Mana said, “We have a primary school where children learn the Thai language until grade six. We instill in our children a sense of pride at being Karen and the lifestyle we lead. You know the kids never seen a television and they don’t know what electricity is all about.”
“Several years ago I approached the provincial authorities to bring electricity to our village but they said our village was so remote tat it would be virtually impossible to run power lines across the mountains. Now we have completely forgotten about it”, said the headman, laughing, making light of the snub he received at the hand of provincial authorities.
I felt it was my turn to make a point. “Tourists come here expecting to see a village that is very authentic and typical of the hill tribe culture. They won’t be happy if they see these facilities (TV and electricity) in the village,” I said.
“Have you ever seen a Karen cut trees or slash and burn forests? We have a sense of belonging and responsibility to nature and the surroundings we live in. We are natural conservationists. We are no businessmen, we don’t know how to do business”.
“And even though most of us are Christian, the older Karens still believe in ghosts and spirits. It gives us our cultural identity, our unique place in the world. You cannot be a proper Karen, relate to our history and ancestors, if you give up spirit worship,” said the village headman.
I can’t remember how long the conversation with the headman lasted but I went to bed that night convinced that these ethnic minorities were not going to sacrifice their old values and beliefs in exchange for what we call civilization.
It was biting cold by the time we retired for the night. I had been brought up believing that it was better to sleep in light clothing but this night I just couldn’t resist helping myself with layer upon layer of clothing, and still the chill wouldn’t go.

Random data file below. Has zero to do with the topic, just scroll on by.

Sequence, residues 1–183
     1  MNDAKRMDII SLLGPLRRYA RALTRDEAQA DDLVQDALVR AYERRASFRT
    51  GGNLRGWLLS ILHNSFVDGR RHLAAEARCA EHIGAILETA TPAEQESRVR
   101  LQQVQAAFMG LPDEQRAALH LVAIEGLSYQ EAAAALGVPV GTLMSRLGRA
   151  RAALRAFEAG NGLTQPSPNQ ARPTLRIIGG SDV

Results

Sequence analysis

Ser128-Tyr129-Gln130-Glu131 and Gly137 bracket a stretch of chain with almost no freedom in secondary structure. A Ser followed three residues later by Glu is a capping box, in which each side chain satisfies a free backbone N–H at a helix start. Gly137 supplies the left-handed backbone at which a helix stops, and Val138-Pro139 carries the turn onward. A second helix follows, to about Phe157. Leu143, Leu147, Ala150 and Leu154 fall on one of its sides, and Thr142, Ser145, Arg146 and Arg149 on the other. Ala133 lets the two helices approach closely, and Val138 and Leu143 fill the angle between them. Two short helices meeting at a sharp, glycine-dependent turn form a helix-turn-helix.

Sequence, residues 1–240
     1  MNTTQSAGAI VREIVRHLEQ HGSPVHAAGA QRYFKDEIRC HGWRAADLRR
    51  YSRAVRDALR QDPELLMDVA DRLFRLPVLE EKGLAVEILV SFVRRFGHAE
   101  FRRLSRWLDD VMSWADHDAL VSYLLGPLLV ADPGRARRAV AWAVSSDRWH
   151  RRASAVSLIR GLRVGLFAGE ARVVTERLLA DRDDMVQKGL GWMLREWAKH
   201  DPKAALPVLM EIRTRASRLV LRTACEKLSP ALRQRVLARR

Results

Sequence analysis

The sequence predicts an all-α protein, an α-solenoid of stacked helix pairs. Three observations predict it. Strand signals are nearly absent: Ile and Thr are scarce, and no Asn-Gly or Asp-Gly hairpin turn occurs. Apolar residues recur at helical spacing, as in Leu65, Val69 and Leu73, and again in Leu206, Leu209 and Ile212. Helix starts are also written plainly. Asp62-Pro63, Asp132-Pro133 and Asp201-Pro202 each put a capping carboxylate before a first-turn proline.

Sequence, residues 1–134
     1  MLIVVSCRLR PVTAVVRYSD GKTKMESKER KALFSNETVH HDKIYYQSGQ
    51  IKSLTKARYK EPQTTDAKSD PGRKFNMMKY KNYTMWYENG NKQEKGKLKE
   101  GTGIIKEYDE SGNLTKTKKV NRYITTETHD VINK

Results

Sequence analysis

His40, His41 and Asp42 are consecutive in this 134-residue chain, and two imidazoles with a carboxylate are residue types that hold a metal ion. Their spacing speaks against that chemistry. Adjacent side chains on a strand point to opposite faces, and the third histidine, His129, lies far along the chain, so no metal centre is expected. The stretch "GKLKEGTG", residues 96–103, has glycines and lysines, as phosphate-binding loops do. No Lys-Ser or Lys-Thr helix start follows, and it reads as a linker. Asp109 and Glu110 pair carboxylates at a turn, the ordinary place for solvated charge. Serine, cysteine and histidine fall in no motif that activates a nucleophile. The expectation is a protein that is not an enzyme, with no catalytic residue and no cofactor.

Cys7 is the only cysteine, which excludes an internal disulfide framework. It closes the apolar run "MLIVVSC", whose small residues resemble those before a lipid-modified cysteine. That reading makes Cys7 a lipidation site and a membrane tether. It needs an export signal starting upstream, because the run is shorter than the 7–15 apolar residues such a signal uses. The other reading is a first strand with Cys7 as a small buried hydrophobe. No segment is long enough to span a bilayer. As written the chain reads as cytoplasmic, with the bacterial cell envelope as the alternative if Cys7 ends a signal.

We woke up in the morning to find the water freezing cold and decided to skip the shower. After breakfast we thanked the villagers and the headman for their warm hospitality and bid them goodbye. From there we headed to the riverbank to take bamboo rafts, with Karens as helmsmen, for a bit of adventure down the river.
Each raft could carry six to eight persons including our luggage, which was is placed on a tripod in the middle to prevent it from getting wet. It’s amazing to discover how different the landscape can be than watching it from the road. Our flotilla of bamboo rafts bobbed up and down the rapids to the melody birds and the croaking of insects in the woods, and the breeze was cold but soothing to the senses.
For four hours we sailed downstream on the Mae Taeng. Rafting, though primarily there to attract tourists, doesn’t necessarily mean its soft and less adventurous or exciting. While bamboo trunks have countless applications in this part of the world, what do you do with trees felled in rain forests” Well, what a better way than to turn them into rafts and use the rafts to ferry and entertain tourists down the river.
As things turned out, it was an eventful two days that left us with an everlasting memory of the Karen way of life and a resounding ride on bamboo rafts down the Mae Taeng River. And if some one asked me if I would like to do it all again, my answer is an unqualified yes.